Silence is truly golden. We live in a very busy society and our days are filled to the brim with words. Statistics show that stated the average American speaks 15-16K words each day. This means it’s culturally unnatural for us to be quiet and it’s a deep struggle to not feel the need to fill silence with words. Read this article for more on the importance of silence.
The silence you can offer your students on the mat might be the most powerful gift you have to offer them. Don’t take this opportunity for granted! Though it feels awkward for us to be quiet while we “teach”, practitioners learn to find the freedom that is available to them through that silence. Plus, it will be difficult for students to experience the energetic and emotional releases of yin if they are too busy trying to listen to us. Trust the yoga to do its own work and practice quieting your mind as well. Let your students have their own experience. Your role is to provide space and guidance for them to do so.
The Struggle of the Instructor
Yin is one of the most challenging styles of yoga to instruct because of the ample space and time available
If you’re used to teaching more dynamic classes that require more instruction, teaching yin will be a challenge to teach at first. But it’s worth it and will change how you lead faster paced classes for the better.
Because we’re used to speaking 15-16K words each day – it makes sense that this slowing down of our speech can feel unnatural, but that doesn’t mean that it’s wasted time or that it makes you less knowledgable as an instructor. In fact, speaking less says MORE about your expertise.
Yoga does not need words to be valuable. Much of our struggle to be silent has to do with our lack of practice being still and silent ourselves. This energy can rub off on your students! If you’re anxious – they will likely be too.
The Struggle of the Student
Acknowledge and accept that some students will be very uncomfortable with the silence and stillness of yin. It’s important we allow them space to struggle and overcome. This may take weeks or years! We cannot speed up the process of them getting comfortable with themselves. We must trust the process and speak only when we feel prompted.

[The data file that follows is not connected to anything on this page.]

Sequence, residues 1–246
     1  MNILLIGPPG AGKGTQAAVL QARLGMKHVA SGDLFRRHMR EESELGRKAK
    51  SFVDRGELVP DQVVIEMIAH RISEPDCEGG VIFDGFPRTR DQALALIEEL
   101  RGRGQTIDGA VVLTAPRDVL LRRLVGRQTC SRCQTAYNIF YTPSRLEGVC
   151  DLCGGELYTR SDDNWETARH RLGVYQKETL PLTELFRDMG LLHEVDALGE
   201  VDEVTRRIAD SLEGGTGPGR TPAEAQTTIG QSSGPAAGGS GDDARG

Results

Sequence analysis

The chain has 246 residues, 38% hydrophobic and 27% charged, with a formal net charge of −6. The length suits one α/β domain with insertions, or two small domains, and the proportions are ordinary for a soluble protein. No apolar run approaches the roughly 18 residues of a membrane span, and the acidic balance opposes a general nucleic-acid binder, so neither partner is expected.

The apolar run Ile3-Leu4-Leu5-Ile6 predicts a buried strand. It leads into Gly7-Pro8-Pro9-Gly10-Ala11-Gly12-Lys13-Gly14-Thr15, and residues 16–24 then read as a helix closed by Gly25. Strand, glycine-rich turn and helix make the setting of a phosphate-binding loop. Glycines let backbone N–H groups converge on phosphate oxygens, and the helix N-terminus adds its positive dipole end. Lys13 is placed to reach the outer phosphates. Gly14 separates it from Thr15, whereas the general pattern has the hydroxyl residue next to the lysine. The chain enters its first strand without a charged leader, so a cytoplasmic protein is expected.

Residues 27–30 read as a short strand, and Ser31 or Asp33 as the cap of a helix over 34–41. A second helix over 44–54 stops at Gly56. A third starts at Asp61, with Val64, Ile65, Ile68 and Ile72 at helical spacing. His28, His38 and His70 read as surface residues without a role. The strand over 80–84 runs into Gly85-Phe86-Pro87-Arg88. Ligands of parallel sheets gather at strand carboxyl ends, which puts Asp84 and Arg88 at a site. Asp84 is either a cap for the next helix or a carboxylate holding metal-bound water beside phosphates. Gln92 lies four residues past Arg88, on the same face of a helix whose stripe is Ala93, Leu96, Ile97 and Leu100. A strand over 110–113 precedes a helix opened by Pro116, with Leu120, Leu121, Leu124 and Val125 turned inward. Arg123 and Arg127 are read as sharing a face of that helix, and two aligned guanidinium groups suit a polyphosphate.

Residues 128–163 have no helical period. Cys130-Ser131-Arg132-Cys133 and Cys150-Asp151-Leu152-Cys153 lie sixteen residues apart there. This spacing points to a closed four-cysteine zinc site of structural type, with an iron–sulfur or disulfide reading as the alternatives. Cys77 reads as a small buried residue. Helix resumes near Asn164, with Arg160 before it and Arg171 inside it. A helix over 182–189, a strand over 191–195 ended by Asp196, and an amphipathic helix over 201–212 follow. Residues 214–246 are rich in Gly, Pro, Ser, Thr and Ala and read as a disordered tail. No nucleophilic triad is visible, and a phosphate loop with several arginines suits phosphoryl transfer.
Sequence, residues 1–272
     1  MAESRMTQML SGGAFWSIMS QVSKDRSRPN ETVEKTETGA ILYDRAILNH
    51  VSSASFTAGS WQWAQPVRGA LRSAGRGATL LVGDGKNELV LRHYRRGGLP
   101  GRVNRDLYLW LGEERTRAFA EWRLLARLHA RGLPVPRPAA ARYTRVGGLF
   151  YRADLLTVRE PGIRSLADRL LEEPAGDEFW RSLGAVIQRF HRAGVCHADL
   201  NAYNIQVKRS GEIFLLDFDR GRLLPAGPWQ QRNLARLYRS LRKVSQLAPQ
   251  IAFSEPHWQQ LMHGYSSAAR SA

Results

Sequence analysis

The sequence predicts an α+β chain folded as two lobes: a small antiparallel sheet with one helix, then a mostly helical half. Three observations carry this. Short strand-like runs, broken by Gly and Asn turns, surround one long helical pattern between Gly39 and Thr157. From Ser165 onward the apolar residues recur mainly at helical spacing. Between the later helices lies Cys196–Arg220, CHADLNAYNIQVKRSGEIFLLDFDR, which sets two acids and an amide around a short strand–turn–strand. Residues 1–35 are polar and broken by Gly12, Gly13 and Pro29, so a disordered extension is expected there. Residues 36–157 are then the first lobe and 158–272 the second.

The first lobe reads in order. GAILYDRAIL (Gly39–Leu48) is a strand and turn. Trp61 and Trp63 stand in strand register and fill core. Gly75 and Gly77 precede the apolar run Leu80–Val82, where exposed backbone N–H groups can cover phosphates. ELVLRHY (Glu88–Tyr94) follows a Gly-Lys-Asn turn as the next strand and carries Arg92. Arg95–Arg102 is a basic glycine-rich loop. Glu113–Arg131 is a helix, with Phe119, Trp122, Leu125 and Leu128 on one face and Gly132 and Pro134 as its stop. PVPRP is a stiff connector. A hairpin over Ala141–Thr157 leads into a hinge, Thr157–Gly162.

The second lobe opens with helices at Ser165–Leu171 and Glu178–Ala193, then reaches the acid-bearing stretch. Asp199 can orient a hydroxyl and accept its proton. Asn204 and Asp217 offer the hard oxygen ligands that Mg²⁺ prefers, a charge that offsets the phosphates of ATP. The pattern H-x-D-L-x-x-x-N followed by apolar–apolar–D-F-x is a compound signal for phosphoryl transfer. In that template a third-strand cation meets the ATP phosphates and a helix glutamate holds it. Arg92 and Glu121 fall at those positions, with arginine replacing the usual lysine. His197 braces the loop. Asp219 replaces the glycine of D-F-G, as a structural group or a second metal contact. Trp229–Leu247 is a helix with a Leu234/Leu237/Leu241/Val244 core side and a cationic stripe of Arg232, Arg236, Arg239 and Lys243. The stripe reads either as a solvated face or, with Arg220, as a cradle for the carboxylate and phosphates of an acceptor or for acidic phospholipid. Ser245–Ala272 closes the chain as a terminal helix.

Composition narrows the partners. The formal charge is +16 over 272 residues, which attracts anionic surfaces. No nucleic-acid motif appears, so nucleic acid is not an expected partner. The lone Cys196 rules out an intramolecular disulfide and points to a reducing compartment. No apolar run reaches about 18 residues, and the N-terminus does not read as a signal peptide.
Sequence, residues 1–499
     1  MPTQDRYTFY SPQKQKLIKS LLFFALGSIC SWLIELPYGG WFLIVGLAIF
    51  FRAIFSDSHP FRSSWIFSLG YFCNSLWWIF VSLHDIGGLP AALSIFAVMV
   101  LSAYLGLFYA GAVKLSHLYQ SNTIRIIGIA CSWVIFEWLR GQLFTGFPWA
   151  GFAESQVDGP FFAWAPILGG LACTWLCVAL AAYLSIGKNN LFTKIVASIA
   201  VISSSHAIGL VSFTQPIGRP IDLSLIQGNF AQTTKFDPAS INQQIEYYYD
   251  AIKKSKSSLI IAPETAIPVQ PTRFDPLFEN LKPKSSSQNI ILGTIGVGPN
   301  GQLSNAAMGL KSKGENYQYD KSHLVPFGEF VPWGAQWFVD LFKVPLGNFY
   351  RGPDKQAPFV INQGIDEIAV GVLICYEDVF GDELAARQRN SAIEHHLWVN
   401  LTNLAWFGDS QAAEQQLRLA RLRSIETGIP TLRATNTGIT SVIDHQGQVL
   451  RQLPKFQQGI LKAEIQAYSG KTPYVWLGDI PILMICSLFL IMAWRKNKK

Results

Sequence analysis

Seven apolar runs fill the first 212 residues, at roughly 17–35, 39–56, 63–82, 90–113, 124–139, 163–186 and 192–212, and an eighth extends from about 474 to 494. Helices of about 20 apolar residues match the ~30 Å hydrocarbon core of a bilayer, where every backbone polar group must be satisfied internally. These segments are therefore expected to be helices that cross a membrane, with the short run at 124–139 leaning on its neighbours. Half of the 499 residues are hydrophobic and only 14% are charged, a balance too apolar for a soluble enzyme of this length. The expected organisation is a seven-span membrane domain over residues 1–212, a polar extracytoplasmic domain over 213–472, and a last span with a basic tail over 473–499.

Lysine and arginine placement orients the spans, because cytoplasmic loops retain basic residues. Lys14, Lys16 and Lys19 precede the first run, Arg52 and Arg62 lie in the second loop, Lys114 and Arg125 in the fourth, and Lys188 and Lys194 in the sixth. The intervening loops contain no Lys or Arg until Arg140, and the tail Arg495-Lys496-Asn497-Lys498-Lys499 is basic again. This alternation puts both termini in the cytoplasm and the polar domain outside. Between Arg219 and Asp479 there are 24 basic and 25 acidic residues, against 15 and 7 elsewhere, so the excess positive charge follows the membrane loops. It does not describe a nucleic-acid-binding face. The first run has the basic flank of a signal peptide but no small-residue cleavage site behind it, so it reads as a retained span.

The western world is not used to quiet, but deep down we all crave it. Because we are made up of both yang and yin, we desperately need time to be extrospective and time to be introspective. Sometimes it just takes time to surrender to it.
NOTE: Because much of yin is silent – when you do speak, your students are LISTENING intently!
Take a moment…Think about some of your best yin experiences as a student. How much do you remember of the instructor’s words? What stuck with you? What awareness did you create within yourself out of that experience?
Answering these questions may help you reset your perspective on this topic.
Basic Guidelines –
- Start with the physical cues they need to get into the posture
- Go and quietly help those who need more assistance instead of telling the whole group what one or two people need to settle in.
- Allow some silence for the body to settle into the pose
- After about a minute or so in the pose, consider speaking to the energetic / mental / emotional sensations that might experience
- Guide them back to the breath and intention every couple of poses
- At minimum, aim for 70% of the pose to be silent (or just the music in the background)
Dive deeper and take the webinar! OR join me for the weekend virtual yoga teacher training of all things yin March 19-20. Click the image below for details!